Root rot is a condition of indoor and outdoor plants. Root rot may be caused by poorly drained or overwatered soil, or soil-borne pathogens and nematodes.
Overwatering causes the soil around the plant to retain water, and this impedes drainage. These waterlogged conditions prevent roots from absorbing all the oxygen they require to live.
Too much water also creates favorable conditions for the growth of soil-borne water molds and fungi. These soil-borne pathogens infect the roots, and they cause the roots to decay.
Soil-borne water molds such as Pythium, and fungi such as Fusarium, are the usual culprits of root rot. Once infecting one plant, these pathogens can infect other nearby plants in waterlogged conditions. These pathogens may be transferred from one part of the garden to another when gardeners transplant the infected plants.
Mushroom root rot fungi affect a wide range of orchards, forests, and shade trees and shrubs. Woody areas, or recently cleared land, harbor these fungi. These fungi can survive in the infected root or wood in the soil for decades.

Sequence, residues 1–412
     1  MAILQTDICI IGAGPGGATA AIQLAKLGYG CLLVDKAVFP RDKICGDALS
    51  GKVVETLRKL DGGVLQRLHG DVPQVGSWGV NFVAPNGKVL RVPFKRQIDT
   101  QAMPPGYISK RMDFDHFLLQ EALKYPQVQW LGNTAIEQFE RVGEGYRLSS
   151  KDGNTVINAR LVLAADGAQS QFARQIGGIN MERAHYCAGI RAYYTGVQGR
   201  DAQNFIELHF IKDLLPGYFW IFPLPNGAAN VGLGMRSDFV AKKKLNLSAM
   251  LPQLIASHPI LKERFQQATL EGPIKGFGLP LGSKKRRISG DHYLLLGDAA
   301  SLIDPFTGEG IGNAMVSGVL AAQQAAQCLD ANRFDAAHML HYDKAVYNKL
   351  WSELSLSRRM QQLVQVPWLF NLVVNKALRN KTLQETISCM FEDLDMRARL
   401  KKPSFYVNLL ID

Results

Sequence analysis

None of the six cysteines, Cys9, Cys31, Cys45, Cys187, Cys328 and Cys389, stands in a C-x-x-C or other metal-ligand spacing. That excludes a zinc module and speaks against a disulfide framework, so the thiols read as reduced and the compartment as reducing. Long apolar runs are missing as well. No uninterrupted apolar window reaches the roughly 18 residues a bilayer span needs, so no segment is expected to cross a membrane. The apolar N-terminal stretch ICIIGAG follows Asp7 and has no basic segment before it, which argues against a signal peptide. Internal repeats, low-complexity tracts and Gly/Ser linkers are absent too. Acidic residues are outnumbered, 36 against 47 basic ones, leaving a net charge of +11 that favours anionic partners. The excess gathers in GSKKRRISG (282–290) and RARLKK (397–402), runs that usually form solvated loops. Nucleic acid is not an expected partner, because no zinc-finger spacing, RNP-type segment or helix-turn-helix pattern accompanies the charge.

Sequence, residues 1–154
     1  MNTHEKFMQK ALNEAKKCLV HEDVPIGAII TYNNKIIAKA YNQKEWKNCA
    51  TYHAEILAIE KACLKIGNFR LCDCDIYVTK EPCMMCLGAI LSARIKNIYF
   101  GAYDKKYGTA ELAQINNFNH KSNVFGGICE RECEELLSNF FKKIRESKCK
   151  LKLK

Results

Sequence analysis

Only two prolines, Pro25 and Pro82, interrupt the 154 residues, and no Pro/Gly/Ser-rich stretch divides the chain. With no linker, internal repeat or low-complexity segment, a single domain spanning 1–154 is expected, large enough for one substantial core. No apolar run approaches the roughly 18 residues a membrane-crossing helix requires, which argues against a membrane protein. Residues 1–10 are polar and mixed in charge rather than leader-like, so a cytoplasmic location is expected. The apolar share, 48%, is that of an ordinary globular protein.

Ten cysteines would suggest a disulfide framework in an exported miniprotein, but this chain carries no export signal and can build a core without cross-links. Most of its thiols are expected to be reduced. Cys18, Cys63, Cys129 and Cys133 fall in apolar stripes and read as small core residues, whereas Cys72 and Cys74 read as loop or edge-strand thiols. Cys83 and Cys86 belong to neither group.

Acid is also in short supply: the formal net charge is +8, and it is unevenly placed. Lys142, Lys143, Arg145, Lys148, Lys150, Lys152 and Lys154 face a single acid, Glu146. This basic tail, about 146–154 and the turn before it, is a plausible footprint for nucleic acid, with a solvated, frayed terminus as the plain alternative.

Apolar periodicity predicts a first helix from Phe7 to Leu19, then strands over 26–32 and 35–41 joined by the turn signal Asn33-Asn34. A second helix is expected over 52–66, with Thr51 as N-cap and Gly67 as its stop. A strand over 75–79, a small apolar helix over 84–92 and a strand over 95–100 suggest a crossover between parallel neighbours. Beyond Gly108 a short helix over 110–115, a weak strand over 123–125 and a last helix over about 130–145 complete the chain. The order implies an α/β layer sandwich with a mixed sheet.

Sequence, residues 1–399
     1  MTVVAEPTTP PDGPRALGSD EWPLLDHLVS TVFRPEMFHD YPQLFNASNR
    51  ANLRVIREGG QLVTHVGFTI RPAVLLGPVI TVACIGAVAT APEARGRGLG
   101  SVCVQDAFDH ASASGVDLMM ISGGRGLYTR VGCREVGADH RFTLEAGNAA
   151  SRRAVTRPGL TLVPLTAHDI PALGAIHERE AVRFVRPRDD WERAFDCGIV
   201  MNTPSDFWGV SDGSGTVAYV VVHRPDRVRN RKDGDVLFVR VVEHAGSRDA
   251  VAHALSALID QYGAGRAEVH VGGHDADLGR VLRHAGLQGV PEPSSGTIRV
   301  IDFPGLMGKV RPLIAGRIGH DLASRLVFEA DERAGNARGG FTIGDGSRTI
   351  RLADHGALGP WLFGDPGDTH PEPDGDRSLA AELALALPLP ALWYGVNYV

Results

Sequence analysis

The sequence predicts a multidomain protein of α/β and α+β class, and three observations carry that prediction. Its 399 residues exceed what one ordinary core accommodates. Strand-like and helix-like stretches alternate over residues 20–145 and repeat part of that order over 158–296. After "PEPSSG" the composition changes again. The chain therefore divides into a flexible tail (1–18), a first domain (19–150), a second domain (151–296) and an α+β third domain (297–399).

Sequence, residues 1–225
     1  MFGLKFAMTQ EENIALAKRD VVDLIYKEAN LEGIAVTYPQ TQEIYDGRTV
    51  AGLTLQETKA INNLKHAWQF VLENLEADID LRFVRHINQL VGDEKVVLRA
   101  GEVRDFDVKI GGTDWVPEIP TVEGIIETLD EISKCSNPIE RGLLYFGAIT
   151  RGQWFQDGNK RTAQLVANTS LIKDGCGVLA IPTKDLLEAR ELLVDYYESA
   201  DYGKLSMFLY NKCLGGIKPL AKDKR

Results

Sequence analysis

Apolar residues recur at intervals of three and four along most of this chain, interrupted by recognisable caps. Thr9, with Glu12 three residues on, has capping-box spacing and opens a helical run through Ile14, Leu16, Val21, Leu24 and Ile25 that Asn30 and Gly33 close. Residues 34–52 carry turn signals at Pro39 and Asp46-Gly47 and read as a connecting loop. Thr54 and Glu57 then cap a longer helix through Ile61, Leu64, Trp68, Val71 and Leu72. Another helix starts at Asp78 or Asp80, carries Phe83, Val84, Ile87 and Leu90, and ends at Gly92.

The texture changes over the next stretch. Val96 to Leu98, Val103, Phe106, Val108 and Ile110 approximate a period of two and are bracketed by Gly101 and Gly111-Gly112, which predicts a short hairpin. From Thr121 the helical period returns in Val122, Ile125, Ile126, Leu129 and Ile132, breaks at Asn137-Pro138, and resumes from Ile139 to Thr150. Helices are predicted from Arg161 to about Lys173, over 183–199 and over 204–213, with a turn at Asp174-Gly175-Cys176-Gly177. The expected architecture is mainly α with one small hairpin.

Some of the general symptoms of root rot are wilted and yellowed leaves, stunted or poor plant growth, branch dieback, and thinning of the canopy. Root rot changes firm, white roots into brown, soft ones. The roots of the plant that are attacked by nematodes are swollen with root galls.
Root rot can be prevented by planting disease-tolerant cultivars, and healthy-looking plants. Keep plant tools clean. Avoid stressing plants by maintaining appropriate soil moisture levels, soil fertilization, and weed control. Use raised beds to grow plants if you can’t improve drainage.